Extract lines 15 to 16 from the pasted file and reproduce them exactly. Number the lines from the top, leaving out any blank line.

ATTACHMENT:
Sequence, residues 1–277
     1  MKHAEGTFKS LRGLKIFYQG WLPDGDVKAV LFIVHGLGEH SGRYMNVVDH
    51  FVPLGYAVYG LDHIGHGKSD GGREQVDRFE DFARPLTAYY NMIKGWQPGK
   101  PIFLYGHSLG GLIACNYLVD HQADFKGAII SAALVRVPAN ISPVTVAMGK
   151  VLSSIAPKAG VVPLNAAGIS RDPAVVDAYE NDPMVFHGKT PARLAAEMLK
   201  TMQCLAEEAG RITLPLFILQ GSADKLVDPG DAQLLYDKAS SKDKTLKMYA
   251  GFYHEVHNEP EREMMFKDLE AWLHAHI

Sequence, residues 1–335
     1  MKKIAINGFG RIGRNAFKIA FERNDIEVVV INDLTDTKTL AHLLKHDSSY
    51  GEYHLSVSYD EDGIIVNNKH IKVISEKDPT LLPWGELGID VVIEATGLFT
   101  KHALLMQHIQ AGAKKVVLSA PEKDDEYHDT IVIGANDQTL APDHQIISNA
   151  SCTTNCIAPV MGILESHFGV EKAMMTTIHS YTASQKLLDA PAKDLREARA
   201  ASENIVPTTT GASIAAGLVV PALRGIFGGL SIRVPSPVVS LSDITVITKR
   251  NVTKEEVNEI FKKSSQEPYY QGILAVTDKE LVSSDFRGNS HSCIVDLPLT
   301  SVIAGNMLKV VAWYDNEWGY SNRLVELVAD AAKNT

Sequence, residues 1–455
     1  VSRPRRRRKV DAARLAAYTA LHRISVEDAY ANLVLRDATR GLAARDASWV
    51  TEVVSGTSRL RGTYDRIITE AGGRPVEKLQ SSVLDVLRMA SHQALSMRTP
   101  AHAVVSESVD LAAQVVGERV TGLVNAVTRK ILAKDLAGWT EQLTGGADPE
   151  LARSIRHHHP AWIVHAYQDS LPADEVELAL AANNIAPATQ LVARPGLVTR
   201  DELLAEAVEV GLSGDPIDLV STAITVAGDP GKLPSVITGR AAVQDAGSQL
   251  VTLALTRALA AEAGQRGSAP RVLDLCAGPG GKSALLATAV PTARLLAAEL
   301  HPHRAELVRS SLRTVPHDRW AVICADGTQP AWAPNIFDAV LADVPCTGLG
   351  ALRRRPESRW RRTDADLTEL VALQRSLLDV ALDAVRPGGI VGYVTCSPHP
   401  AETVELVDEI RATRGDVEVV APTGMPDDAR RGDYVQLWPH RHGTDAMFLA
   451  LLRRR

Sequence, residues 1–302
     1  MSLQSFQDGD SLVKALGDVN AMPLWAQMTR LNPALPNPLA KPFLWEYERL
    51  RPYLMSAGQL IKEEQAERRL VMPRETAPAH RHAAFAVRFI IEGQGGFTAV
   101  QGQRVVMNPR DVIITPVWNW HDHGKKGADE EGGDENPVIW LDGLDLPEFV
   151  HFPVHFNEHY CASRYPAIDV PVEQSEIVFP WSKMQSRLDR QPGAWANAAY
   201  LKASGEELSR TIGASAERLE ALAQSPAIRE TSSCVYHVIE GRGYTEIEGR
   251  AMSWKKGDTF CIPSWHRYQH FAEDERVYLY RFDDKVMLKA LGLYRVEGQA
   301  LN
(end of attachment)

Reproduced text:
   301  SVIAGNMLKV VAWYDNEWGY SNRLVELVAD AAKNT

Sequence, residues 1–455